I considered this advice, weighed my options, and decided to ride in the regular old way, facing forward. After I had soldiered through a couple of spectacular wipe-outs, one involving a stone garden gnome, I finally got the hang of it.
Thus, new worlds opened.
As a boy, you could get wherever you needed to be in Opelousas on a bike. You could leave Dunbar Street, head through City Park, and be downtown in 10 minutes, tops. Pedaling through the Park, I would scoot by the roller skating area, where I would hear echoing in my mind the words my mother would tell me every time we passed that concrete expanse:
“And, James Ronald,” She would tell me, pointing and smiling. “That’s where I met your Daddy. He came to my 12th birthday roller skating party right there.”
Apparently, among my old man’s many talents, he was also a boffo roller skater as a young chap. I’ll have to ask him if he ever rode a bicycle backwards for Momma. If you were searching for a skill set that would capture the heart of 12-year-old Sally, I would think the one-two punch of daredevil roller skating and backwards bike-riding would do the trick. I have a picture in my bedroom of my Pop when he was about 12 or 13, taken in front of the old Opelousas High School, clowning for the camera with a chum. Anyone can take one look at that picture and see that he was bad news from the wrong side of the tracks. Nonetheless, from that 12th birthday party on, Sally loved Jimmy until the Yambilee October day she died 50 years later.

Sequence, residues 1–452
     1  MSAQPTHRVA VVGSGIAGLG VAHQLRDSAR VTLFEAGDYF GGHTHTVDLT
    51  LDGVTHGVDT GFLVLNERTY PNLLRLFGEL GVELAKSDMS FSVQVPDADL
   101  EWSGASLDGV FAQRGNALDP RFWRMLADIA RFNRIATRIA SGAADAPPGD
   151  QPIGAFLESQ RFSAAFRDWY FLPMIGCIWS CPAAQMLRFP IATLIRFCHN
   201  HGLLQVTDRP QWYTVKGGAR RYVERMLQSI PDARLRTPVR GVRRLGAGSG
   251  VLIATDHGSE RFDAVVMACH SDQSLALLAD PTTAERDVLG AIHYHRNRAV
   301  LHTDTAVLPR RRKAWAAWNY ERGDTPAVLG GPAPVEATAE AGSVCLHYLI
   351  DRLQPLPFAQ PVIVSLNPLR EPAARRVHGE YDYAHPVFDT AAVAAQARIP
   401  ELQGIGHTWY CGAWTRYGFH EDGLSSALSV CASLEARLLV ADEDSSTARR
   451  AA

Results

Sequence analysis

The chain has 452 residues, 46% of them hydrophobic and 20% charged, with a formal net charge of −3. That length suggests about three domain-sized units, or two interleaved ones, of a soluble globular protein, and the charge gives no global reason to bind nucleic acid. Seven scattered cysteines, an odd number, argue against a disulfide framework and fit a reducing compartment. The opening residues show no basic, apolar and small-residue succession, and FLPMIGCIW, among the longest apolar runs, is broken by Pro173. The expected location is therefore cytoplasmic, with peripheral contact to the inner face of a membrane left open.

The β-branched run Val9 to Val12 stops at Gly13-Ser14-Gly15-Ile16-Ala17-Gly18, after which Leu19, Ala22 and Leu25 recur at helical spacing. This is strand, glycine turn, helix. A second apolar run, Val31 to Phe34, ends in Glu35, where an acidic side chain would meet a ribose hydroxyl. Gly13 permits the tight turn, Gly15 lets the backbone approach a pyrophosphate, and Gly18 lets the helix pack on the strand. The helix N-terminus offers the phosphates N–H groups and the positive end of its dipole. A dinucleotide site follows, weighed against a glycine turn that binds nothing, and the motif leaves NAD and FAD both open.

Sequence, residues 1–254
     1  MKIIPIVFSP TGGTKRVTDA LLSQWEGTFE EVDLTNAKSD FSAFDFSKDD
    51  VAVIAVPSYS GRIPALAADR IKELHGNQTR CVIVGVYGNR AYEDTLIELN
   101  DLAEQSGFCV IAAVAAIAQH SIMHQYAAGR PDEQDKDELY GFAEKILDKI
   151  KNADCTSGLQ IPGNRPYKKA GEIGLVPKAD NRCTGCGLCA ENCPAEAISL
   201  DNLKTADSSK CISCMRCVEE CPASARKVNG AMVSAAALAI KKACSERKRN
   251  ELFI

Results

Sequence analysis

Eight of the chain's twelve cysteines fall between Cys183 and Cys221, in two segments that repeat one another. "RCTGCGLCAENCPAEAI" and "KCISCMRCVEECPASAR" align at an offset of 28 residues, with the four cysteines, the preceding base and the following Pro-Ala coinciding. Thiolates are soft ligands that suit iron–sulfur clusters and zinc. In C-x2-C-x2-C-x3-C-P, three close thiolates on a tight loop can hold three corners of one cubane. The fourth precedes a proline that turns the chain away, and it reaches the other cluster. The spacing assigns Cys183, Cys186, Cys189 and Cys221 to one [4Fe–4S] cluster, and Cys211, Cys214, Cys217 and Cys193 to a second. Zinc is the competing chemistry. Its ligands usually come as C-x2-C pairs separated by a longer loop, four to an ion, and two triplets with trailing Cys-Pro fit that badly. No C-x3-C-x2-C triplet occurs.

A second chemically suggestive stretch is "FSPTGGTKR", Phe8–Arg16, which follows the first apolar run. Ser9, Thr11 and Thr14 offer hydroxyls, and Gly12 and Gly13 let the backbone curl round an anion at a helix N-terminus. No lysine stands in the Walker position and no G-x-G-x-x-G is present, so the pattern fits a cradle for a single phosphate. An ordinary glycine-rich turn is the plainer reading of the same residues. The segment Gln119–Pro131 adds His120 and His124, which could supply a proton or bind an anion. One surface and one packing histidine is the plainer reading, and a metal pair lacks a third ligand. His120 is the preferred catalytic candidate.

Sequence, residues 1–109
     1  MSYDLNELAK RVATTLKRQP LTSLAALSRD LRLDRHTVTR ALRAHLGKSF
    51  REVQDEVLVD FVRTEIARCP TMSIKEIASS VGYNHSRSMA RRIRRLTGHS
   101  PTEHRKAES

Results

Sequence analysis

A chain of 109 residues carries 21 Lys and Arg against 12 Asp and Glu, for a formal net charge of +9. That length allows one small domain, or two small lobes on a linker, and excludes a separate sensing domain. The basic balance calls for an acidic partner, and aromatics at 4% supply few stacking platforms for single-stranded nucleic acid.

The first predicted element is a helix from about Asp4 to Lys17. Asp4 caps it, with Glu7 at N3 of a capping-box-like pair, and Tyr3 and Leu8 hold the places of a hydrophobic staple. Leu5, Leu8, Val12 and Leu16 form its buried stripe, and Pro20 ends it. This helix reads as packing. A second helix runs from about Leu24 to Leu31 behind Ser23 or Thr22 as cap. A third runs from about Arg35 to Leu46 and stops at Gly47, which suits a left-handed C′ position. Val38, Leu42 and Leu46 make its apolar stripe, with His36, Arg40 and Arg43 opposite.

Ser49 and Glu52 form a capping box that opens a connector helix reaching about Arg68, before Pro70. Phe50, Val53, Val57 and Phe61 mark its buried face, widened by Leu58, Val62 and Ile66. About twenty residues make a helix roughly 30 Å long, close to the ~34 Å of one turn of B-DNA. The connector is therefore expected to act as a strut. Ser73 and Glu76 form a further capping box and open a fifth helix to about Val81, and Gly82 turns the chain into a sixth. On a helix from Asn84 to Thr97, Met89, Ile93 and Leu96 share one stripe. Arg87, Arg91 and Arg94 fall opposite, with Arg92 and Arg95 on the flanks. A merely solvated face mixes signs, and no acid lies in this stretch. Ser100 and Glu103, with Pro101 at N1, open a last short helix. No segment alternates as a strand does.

Of course, there was some parental resistance to this match between the first daughter of a prominent family and Jimmy Clary, who was…well…Jimmy Clary. My grandparents even sent Momma off to Vanderbilt just to see if geography could cool the longstanding romance, but it was no dice. After a single semester--before finals even-- Momma called long distance, said she missed Jimmy and wanted to come back to Opelousas. There were tears and no amount of cajoling could keep her in Nashville. So, Babee and PaPa resignedly struck out in the Buick and fetched their oldest child home.
Shortly thereafter, they set about planning a wedding.
When we would arrive in Opelousas on these family visits, and after a perfunctory raid on the outside icebox for a small bottle of coke and an ice cream sandwich, I would hop on a blue Schwinn and head downtown. Zipping through the Park and past the roller skating circle, I would shortly come into the orbit of the courthouse, the Jim Bowie Museum, the Delta Theater and Lawyers Row. You had to get up some speed to hop the Lawyers Row curb but—once you had swung that—you could accelerate down the raised sidewalk paralleling the front of the law offices and really make some time. Of course, if someone had walked out of one of those law offices at this moment (perhaps after they had just executed their Will), there would have been a colossal “incident” necessitating either battlefield first aid or the opening of a succession. Timing is everything in life, as we all know, and I marvel that no such infamy ever occurred. Whenever I get on a bike now and feel the wind in my face, I think about those days and the miracle of timing.